This zoomorphic brooch was recovered by a local metal detector user earlier this year. The term ‘zoomorphic’ is used to signify animal representation. In this case, it is something of a misnomer because the creature is mythological. It is the ‘hippocamp’, coming from the Greek words for horse and sea-monster. It has the upper body of a horse and the lower body of a fish. It frequently appears in Roman iconography, with a fine example depicted on a mosaic unearthed near the large temple and bath complex at Bath, Somerset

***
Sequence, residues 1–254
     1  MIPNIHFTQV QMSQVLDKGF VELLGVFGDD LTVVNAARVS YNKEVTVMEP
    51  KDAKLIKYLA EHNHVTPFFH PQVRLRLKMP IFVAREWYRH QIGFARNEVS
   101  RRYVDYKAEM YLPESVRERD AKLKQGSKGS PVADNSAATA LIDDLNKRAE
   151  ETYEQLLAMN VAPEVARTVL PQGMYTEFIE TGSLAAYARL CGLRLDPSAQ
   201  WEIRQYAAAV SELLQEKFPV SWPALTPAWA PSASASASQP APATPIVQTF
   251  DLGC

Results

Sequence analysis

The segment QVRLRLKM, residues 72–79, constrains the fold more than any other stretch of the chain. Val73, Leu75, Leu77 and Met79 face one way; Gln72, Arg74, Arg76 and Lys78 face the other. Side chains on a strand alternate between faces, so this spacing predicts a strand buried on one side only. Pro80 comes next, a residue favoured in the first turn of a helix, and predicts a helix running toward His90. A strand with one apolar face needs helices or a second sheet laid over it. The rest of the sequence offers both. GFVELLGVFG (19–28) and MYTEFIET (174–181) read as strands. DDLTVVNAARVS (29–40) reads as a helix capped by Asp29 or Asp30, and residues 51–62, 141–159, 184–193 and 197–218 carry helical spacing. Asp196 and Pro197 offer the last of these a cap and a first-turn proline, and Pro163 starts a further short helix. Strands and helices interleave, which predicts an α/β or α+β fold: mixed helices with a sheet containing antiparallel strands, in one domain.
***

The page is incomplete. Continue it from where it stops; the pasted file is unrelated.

The brooch’s front face contains a lozenge-shaped panel inlaid with blue enamel. Plate brooches with enamelled surfaces emerged towards the end of the first century AD. Set within this panel are three circular spots filled with orange enamel, laid out in a triangle shape. Enamelled circular spots are a feature of continental plate brooches rather than locally-produced forms. The presence of the brooch in Suffolk tells us that communities across the Empire were trading and using items of dress with a shared visual vocabulary.
View the full record on the Portable Antiquities Scheme database: SF-AB105F
Thank you to the finder for allowing this object to be featured.
This find was recorded by the Suffolk Finds Recording Team, supported by the Portable Antiquities Scheme.